3 ACKNOWLEDGEMENTS First of all I thank GOD, without his help this work would have never existed. I would like to express my sincere thanks and respect to Professor Dr. Mongy Abdel Kader, Professor of urology, Faculty of medicine, Cairo University, for his valuable brotherly help during this work. I also wish to express my extreme appreciation to Professor Dr. Omar Abdel Razzak, Professor of urology, Faculty of medicine, Cairo University for his guidance, encouragement, unlimited support, constructive criticism, and wise counseling throughout this work. I would also like to express my great appreciation to Dr. Ismail Rady Saad, Assistant Professor of urology, Faculty of medicine, Cairo University, who was very generous in time and effort and for his faithful supervision in the progress of this work. I would also like to express special thanks to Dr. Ashraf Emran, Assistant Professor of urology, Faculty of medicine, Cairo University, and Dr. Mahmud Abdel Hakim, Lecturer of urology, Faculty of medicine, Cairo University for their great effort and sharing in this work. Lastly I would like to thank my family for their care and support all over this work.
4 Contents Introduction and aim of work..1-3 Review of literature: - Chapter I: Anatomy of the kidney and ureter Chapter II: Urolithiasis Chapter III: Ureteroscopy Chapter IV: Extracorporeal shockwave lithotripsy Chapter V: Laser Lithotripsy Materials and Methods Results Discussion Conclusion 74 References Arabic summary.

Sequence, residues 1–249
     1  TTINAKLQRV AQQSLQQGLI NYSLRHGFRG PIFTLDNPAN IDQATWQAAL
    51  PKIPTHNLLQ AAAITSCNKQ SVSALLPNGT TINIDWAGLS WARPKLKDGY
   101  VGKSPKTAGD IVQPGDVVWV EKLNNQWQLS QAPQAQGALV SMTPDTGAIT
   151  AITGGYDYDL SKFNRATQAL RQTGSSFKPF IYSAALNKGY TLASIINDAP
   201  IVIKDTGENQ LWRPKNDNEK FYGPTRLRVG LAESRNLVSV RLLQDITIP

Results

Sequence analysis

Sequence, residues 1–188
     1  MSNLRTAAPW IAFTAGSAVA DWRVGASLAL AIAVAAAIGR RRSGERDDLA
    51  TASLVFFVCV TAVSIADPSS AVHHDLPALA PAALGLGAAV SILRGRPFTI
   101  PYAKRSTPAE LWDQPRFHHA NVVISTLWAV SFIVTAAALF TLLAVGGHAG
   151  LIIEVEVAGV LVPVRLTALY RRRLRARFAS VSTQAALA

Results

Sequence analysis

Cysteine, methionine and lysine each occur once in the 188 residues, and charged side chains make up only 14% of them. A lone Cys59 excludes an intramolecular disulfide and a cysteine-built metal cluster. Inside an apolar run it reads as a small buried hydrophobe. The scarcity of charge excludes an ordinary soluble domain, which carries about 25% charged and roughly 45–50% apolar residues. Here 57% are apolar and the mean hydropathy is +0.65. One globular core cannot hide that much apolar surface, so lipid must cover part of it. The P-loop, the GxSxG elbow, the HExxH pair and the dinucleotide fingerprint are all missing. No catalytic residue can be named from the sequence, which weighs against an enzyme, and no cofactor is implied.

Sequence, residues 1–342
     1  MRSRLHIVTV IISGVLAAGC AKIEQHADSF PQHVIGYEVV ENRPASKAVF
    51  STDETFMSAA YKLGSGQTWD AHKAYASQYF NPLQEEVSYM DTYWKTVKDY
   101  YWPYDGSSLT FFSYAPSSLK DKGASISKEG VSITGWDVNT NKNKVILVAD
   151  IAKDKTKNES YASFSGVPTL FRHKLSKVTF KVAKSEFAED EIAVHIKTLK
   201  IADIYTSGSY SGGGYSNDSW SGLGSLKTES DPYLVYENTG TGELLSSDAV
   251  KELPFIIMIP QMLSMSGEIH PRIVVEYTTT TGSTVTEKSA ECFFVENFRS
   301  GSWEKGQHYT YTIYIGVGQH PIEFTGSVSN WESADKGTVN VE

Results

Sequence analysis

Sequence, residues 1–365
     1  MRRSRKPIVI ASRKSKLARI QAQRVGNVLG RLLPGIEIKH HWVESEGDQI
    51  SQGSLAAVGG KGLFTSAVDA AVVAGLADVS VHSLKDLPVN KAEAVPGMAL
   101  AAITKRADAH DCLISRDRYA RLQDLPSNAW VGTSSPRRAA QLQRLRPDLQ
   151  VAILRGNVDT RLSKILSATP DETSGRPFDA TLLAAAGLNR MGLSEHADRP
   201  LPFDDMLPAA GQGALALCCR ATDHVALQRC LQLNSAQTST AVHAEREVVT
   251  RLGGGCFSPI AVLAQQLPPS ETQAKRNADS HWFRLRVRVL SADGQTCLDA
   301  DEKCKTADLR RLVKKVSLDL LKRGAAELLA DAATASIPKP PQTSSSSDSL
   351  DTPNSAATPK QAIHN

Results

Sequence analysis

5 List of Tables Table 1: X-ray characteristics of stones. Table 2: Stone composition. Table 3: High risk stone formers. Table 4: Radiation exposure of different imaging modalities. Table 5: Complications of ureteroscopy. Table 6: Patient, stone and lower calyceal criteria of both groups, and their statistical significance. Table 7: Operative Data of Group I. Table 8: Operative details of Group II. Table 9: Complications, Complication rate and stone free rate of both groups and their statistical significance. Table 10: Correlation between age, stone number, stone size, lower calyceal anatomy and success rate 3M after flexible URS. Table 11: Correlation between age, stone number, stone size, lower calyceal anatomy and success rate 3M after ESWL. Table 12: Correlation between IW and IL, IPA, and stone size in group II. Table 13: Logistic regression analysis for predictors of stone free rate at 3 months.